When Susan was growing up, she had a series of nightmares that were so familiar she knew when they were coming. She was scared to go to sleep and tried to stay awake to avoid them, but she couldn’t quite do it.
Instead she would fall asleep, have a bad dream, wake up, and find herself inside another bad dream. True awakening sometimes was as impossible as true sleep. This torture continued as she got older and didn’t go away until she learned that she needed help, which she sought; in psychotherapy, she learned just how scared she really was.
“How will therapy cure my fears?” she thought. “The therapist won’t be there in my bedroom at 2 a.m. when I’m scared.”
It’s true, her therapist wasn’t around in the middle of the night to save her with his friendly voice and warm face, but telling her therapist about the dreams and other things, too, did make them go away, eventually. And spending time in therapy helped her feel less alone, so that when she was afraid, she felt that there was something, someone behind her, to help and defend her.
But what do you do when you wake up at 2 a.m., and again at 3 a.m. and 4 a.m., your bedroom is dark, and you feel scared, terrified, heart pounding? Maybe you’re afraid the bad people in your nightmares are real and they’ve come to get you. Maybe you’re just lost in the muddle of worry about all the things you didn’t do yesterday or that you did wrong or that you won’t be able to do right tomorrow.
You can start by breathing slowly and deliberately: deep inhales, long slow exhales. That calms down your nervous system. You can imagine that, breathing in, you’re taking in something protective and good; breathing out, you’re ridding yourself of pain. You can turn on the light and read, say the heck with sleep for this night. You can get up and drink some warm milk. In very rare instances you can visit a physician and seek out a prescription for anti-anxiety medication or a sleeping pill. These remedies can help some but shouldn’t be turned to too quickly or used for too long.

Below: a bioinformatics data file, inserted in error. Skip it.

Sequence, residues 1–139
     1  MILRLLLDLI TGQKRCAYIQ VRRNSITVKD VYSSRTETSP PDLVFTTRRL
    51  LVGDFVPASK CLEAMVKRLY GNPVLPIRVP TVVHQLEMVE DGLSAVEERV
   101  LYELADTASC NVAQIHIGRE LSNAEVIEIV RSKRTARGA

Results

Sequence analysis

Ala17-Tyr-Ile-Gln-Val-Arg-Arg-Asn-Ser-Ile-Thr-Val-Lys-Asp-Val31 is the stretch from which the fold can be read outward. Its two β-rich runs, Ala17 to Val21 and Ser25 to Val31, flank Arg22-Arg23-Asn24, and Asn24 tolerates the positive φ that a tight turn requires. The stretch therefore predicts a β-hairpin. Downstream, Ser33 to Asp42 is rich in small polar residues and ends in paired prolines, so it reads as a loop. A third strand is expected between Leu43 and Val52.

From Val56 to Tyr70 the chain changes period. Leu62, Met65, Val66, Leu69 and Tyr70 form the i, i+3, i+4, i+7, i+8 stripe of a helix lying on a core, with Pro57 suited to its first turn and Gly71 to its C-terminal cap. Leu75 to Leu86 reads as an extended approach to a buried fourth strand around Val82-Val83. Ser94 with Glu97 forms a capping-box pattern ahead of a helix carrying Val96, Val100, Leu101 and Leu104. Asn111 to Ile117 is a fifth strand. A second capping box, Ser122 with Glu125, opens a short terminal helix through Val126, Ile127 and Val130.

A lot of people automatically buy over-the-counter sleep aids or get prescriptions from their doctors. Most sleep aids are to be used for a limited span of time and can be helpful. But some people take them for years. This makes it harder and harder to get a good night’s sleep, because you need more and more medication as your body develops tolerance; eventually the medication stops working.
There are ways to make sleep come a bit more easily. Always get up and go to bed at the same time. Don’t watch stimulating movies or shows or even news right before you go to bed. Some people benefit from gentle yoga or a warm bath. Arrange your room so that it’s pleasant looking, well aired, right temperature. The bed is comfortable. The surroundings are neat and attractive. All this makes finding your night’s sleep and keeping it a bit easier.
Stay away from alcohol and coffee or other caffeinated drinks. They affect your ability to sleep, too. If you’re a compulsive worrier, you can cut down a bit by arranging things before you go to bed, so when you wake up you know what to wear, for example. You’ll be prepared, and feeling prepared will increase your self-confidence. Therapy will increase your self-confidence, too. Just as it may have taken several months or years to become an insomniac, it will take time to learn how to be a good sleeper.
While you’re working on how to relax and go to sleep, you may also be in therapy, so you can learn the identity of the monsters that are after you and slay some of those dragons or find out they’re really just tiny harmless lizards.
How do I know? I’ve had experience with sleeplessness of my own. Now, I boast that I can always fall asleep—I’m really good at it. It’s my best skill. Maybe that sounds silly, but not if you spent years without enough rest. And I’ve worked with plenty of people who can’t sleep.
Psychotherapy helped me and Susan and many others identify our fears and conquer them. Work with someone and find out what helps you feel comforted and comfortable, safe enough to get a good night’s sleep. And then do those things.
Simple advice? Yes. Easy to do? No. Worthwhile? Yes!
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